By BlackLine ANZ Regional Vice President Claudia Pirko
As digitisation continues to transform economies and businesses, Australian finance departments across the energy and resources sector are set for a shake-up.
Survived the upheavals of 2020 and wondering what else the future can possibly throw at your finance team as a new decade kicks off?
Brace yourself. The business disruption caused by the COVID crisis is only a taster of what’s to come. Over the next few years, there’ll be big changes to the way finance departments operate and energy companies that don’t move with the times will fast find themselves left behind.
Here’s a preview of what the early twenties have in store.
Cloud by default
Cloud technology is no longer new. Australia businesses and organisations have been experimenting with and embracing the as-a-service model for a decade or more. Gartner estimated spending on public cloud services would exceed $8 billion in 2020 and hit $11 billion by 2022. The next five years will see cloud computing become ubiquitous across the enterprise, including in the finance department. For organisations yet to make the switch, cloud accounting is a game changer, courtesy of the fact that information is updated in real time. This gives finance and business leaders extraordinary visibility into business operations and provides them with the up-to-date intelligence they need to make better financial decisions.
Managing money on the move
The smartphone revolution of the early 2010s placed a plethora of sophisticated consumer software applications, aka apps, at the fingertips of every Australian in possession of a smart device–some 92 per cent of us in 2020, according to Deloitte’s Digital Consumer Trends report. Business software is still catching up and, in five years’ time, it will have well and truly done so. Hence, we’ll see the emergence of the ultra-mobile finance professional who’s able to certify balances, approve journal entries, run reports and make key decisions from anywhere in the world, via their mobile phone.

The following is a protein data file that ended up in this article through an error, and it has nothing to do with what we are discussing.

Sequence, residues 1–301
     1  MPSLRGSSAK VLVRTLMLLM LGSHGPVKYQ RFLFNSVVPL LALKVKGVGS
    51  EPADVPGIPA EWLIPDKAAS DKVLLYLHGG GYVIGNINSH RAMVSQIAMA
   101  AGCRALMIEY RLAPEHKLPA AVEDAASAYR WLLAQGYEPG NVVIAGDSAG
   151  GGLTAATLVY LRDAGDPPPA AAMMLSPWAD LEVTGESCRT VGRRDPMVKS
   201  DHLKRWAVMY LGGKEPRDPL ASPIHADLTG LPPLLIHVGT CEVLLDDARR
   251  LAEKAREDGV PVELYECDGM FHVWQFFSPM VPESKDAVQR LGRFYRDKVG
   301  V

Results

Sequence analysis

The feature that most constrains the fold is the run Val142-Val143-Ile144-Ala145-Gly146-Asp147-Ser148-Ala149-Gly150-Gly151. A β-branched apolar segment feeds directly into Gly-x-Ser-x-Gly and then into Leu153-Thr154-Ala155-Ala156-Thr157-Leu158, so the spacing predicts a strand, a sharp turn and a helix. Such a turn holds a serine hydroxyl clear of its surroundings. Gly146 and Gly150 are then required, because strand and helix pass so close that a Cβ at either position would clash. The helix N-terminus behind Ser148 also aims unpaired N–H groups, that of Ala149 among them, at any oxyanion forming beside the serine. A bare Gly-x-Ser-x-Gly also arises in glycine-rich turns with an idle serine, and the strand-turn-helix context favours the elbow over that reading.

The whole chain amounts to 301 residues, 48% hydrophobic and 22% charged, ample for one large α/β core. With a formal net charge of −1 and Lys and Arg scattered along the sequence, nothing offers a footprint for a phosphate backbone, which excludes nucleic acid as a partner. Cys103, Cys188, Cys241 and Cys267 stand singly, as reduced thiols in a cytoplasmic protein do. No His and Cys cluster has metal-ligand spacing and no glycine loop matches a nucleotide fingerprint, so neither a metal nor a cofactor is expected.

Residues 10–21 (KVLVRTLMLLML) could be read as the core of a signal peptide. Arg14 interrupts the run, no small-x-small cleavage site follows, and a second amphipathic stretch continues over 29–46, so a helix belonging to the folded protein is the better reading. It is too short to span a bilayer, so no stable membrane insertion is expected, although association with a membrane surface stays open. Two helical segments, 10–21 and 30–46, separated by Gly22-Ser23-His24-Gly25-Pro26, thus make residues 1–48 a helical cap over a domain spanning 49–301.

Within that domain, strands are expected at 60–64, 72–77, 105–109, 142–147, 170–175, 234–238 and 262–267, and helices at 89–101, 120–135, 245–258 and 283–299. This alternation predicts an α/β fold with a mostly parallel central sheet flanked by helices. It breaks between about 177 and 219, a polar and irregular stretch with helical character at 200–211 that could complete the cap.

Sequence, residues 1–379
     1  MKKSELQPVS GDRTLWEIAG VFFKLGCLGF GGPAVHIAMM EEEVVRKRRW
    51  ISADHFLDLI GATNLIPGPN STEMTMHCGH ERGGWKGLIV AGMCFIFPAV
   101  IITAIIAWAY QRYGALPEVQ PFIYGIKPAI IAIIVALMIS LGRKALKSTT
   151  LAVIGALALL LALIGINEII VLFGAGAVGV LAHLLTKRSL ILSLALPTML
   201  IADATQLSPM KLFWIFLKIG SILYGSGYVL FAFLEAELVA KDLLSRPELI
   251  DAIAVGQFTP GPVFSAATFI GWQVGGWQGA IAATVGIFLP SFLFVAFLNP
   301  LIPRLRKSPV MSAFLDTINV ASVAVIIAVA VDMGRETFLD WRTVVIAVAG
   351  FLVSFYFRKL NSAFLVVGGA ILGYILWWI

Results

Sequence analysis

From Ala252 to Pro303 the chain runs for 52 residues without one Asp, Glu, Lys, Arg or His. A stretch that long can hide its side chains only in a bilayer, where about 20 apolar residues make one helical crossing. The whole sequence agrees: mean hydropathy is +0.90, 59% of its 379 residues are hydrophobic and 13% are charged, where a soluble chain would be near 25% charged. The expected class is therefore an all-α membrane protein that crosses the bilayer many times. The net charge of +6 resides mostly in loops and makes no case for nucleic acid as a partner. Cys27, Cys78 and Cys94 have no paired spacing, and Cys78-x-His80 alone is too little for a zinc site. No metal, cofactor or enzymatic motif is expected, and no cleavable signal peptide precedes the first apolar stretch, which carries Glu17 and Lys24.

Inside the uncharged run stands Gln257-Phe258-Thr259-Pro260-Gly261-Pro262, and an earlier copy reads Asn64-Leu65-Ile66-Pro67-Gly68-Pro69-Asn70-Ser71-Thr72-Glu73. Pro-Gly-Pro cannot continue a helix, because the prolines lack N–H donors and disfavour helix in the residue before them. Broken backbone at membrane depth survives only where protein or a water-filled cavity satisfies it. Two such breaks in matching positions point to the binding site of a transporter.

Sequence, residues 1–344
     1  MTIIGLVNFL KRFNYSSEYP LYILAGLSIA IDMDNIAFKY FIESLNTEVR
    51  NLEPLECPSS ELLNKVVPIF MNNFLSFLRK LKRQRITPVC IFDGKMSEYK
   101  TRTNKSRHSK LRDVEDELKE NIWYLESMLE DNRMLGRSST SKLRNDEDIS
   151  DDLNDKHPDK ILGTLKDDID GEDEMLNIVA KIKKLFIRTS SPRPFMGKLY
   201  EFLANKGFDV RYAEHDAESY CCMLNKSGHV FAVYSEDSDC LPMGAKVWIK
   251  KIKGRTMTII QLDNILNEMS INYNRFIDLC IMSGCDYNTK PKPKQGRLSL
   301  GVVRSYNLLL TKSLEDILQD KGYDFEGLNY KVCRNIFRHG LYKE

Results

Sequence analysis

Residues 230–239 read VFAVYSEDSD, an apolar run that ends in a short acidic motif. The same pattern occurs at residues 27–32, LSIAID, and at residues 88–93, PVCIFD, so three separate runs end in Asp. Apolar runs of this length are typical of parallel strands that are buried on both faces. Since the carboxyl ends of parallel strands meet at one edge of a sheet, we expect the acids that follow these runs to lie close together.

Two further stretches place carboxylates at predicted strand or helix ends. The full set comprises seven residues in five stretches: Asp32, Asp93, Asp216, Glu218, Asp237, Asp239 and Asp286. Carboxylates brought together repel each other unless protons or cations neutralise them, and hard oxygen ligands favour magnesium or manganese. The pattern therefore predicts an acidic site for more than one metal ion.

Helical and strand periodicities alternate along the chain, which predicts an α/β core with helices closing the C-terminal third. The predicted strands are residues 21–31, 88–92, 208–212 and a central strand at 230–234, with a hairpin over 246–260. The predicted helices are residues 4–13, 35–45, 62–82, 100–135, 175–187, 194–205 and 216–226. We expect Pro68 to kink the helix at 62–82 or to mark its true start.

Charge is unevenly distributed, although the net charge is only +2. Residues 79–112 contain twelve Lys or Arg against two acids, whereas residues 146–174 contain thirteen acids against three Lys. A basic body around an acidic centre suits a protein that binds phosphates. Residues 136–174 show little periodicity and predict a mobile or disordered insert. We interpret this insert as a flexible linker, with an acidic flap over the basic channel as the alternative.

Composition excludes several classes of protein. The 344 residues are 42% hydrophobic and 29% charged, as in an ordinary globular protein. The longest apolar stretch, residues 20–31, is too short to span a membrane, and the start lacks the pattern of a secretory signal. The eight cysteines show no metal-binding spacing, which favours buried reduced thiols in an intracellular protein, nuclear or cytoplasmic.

Automated accounting methodologies as standard
Early adopters already understand the benefits of automated accounting. It does away with the bulk of the repetitive, routine tasks associated with the accounting function. Transactions are processed automatically across the accounting period. This effectively eliminates the end-of-period close and ensures leaders have an up-to-the-minute picture of the organisation’s financial position at all times. In addition, automated accounting is exponentially faster and significantly more accurate than its manual equivalent. By 2025, it will be the unremarkable norm for Australian organisations of all stripes and sizes and finance departments that haven’t adopted it will be at serious operational disadvantage.
Real-time access to business insights
Data drives decision making–the process of making decisions based on facts and hard data rather than observations or gut feel – is a much touted modus operandi and one that’s impossible to adopt without a strong software foundation. Automated accounting software is one of the key building blocks. The other is an integrated data analytics platform that decision makers can use to extract insights to manage risk proactively and help their organisations operate smarter, faster and better. In a few years, there’ll be one in the finance department of every Australian organisation that’s serious about keeping up and competing.
Farewell to the spreadsheet
It’s been a staple of the finance department for four decades or more but, in the digital era, its days are numbered. By 2025, the spreadsheet is likely to have disappeared entirely from the finance department. In its stead, we’ll see visually rich dashboards that are intuitively accessible and easy to use.
Moving towards a smarter future
Accounting is the most traditional of professions but, like all professions, it’s being forced to evolve. A finance department in an energy organisation that embraces digitisation and automation will be well placed to support your organisation through whatever challenges the 2020s throw up.